Kremmling chief outlines police department’s five-year vision |

Kremmling chief outlines police department’s five-year vision

Meg Soyars

Kremmling Police Chief Hiram Rivera unveiled his department’s five-year plan during the town’s board meeting Wednesday.

Rivera stated that the department’s mission “encompasses a service to a community that is much more than just enforcement,” and added that their mission is accomplished with a fully staffed and diverse police force. Rivera’s five-year plan concentrates heavily on staff hiring/retention and training/professional development.

“I’m a firm believer that the success of a police department resides on its people and their expertise,” he said. “Keeping them trained and in a place where there’s consistent growth and development.”

Rivera would also like to keep salaries competitive, plus expand the department’s sick, vacation and personal leave packages to prevent burnout.

“They’re our first responders, and we should provide them a leave package that gives them the opportunity to take care of themselves and their families,” he said.

Within five years, Rivera would also like to provide officers with childcare options and assistance with finding housing.

“Housing is a struggle, but I’m happy to say all our employees have found residences. We’re not having trouble yet … but I don’t want to worry five years from now,” Rivera said.

In addition to all officers having secured stable housing, Kremmling’s Police Department is fully staffed. The department recently welcomed new hire, Officer Kristina Costa. Costa, who relocated to Kremmling from Georgia, is completing her training to become a certified officer in Colorado.

Also this year, the department plans to bring onboard a school resource officer who is trained to respond to school incidents, plus create a volunteer program for civilians to assist the police with nonemergency incidents.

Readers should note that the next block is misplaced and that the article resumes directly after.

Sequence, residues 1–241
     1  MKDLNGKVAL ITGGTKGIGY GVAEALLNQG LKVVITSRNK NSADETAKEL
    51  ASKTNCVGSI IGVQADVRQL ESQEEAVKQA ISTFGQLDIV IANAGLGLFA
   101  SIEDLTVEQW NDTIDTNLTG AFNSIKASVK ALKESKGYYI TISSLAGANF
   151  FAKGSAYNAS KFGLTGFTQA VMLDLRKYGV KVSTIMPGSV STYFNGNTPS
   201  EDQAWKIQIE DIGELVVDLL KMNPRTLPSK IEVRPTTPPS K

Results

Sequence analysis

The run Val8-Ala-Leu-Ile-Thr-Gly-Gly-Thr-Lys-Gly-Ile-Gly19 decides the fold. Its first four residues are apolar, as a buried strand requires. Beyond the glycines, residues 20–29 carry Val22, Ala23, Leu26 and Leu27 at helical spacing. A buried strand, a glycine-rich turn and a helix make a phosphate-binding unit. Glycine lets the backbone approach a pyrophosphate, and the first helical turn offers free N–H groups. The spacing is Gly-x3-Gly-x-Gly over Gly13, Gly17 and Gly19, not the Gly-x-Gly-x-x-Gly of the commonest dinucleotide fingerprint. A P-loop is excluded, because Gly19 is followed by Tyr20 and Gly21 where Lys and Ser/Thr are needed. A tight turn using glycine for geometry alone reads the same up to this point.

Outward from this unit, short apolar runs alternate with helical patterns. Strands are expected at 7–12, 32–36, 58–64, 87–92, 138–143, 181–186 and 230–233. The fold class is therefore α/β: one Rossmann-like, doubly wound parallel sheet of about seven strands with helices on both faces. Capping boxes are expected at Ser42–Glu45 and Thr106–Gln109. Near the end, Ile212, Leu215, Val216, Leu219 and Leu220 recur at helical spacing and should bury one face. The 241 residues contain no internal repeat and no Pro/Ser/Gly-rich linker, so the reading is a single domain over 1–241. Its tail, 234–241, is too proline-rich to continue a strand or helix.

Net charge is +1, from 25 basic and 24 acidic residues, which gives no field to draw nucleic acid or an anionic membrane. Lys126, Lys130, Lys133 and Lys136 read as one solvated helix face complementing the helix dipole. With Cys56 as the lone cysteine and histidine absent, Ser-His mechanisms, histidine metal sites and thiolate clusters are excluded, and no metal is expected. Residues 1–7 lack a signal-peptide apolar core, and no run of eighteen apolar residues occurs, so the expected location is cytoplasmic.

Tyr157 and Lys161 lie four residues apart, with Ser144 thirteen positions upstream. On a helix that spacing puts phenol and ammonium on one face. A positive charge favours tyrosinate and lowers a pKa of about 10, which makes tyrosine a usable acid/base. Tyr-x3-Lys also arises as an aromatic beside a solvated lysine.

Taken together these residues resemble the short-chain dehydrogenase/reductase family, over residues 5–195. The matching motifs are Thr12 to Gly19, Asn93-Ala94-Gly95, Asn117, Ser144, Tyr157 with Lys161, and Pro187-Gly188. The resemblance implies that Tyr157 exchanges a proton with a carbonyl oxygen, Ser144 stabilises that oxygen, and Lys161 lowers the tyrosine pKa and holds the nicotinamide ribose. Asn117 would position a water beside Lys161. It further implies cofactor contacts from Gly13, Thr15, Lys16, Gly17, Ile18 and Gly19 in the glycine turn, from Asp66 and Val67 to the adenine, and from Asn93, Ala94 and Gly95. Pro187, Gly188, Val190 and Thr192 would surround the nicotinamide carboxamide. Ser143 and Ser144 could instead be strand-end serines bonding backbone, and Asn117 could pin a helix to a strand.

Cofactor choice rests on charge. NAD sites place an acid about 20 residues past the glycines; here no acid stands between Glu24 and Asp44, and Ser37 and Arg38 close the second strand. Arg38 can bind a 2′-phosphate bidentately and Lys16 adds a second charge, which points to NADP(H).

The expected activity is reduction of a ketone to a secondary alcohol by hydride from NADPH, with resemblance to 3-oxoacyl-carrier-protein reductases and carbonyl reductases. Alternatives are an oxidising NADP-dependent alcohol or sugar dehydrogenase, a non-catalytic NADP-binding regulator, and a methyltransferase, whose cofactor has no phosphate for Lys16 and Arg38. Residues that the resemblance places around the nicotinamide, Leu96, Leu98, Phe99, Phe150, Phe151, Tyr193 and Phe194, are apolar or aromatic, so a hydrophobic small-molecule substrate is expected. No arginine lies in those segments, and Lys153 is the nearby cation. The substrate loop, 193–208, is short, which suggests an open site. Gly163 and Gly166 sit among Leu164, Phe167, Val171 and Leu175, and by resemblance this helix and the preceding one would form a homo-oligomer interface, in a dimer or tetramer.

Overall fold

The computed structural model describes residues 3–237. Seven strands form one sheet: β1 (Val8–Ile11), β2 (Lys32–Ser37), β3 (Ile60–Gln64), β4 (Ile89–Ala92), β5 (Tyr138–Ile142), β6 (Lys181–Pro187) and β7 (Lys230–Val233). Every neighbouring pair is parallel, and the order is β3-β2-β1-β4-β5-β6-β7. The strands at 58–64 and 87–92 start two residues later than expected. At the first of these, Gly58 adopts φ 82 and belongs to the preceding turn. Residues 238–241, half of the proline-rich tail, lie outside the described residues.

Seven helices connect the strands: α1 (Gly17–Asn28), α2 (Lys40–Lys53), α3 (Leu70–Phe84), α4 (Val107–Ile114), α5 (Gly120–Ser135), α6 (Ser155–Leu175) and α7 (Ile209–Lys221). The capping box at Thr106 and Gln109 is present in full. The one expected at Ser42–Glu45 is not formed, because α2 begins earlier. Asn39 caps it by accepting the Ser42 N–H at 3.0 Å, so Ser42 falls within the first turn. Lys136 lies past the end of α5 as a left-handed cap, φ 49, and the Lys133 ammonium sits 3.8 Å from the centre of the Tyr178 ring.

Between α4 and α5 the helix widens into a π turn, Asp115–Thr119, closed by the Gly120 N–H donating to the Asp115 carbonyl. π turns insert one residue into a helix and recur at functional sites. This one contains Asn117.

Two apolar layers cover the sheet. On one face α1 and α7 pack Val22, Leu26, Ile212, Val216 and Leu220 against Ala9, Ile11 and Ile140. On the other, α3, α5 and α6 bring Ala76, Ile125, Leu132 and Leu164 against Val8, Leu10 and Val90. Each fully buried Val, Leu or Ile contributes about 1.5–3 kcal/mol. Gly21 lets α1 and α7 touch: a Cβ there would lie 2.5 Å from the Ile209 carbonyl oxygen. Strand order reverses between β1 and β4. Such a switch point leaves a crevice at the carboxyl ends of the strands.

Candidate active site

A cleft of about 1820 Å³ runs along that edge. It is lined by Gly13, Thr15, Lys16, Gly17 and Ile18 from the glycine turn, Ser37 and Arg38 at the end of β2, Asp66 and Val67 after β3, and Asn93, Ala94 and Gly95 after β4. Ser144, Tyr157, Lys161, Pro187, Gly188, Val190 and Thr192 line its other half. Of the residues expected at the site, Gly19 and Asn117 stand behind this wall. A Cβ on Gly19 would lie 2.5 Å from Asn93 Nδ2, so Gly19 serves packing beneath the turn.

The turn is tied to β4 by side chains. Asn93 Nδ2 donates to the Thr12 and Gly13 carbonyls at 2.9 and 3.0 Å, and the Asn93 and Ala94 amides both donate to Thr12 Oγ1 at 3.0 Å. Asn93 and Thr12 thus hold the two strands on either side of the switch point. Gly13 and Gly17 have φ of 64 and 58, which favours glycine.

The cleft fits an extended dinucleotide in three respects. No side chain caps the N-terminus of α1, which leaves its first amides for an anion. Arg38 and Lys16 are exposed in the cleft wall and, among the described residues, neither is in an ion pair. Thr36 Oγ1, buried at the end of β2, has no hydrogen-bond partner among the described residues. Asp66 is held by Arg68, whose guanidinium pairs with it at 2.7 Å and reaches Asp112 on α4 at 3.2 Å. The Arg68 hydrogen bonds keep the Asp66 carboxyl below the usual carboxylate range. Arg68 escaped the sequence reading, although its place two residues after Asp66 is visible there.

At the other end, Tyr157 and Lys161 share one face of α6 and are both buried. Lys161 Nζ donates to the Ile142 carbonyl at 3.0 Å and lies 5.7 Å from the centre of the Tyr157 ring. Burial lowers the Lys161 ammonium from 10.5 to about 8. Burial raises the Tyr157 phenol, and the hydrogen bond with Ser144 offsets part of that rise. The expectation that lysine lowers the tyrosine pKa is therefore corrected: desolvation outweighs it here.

Rivera also applauded Officer Bryson Hicks for his work in 2021.

“All year long he’s done consistent traffic enforcement, and I think he deserves to be commended for his consistency on the street,” Rivera said.

Last, Rivera discussed changing Code Enforcement Officer Carlos Villegas’ title to “community service officer” to better reflect all his duty encompasses.

“Carlos does a lot more than just enforce municipal code … he is educating, providing a service to the community, and wears many different hats,” Rivera said.

In other business:

• The town board voted on Ordinance 705 for raising the compensation of the mayor and the board of trustees. The board approved the ordinance. Starting April 2022, the mayor will receive $250 per regular meeting, special meeting and workshop. The trustees will receive $150 per regular meeting, special meeting and workshop.

Formerly, only regular and special meetings were paid, with trustees and the mayor receiving $50 per meeting. The raise is only available for those reelected or newly elected.

• County Commissioner Kris Manguso discussed the search for a new county attorney, with the current attorney having retired. She also discussed the recent salary increases for county positions, with some positions receiving as much as a $10,000 salary increase. However, a few departments, such as road and bridge, are still having trouble retaining a full staff at the current payrate.

• Town Manager Dan Stoltman brought forth a proposal to create a part time parks and recreation coordinator position. The coordinator would apply for grants, organize youth sports, develop recreational activities and oversee summer employees, among other duties.

Trustees were interested in having the position move to fulltime if possible. Stoltman plans to create a job description for the trustees to put to a vote.

• The trustees discussed winter road conditions and snow removal plans, such as updating public works equipment, to keep intersections and sidewalks clear.

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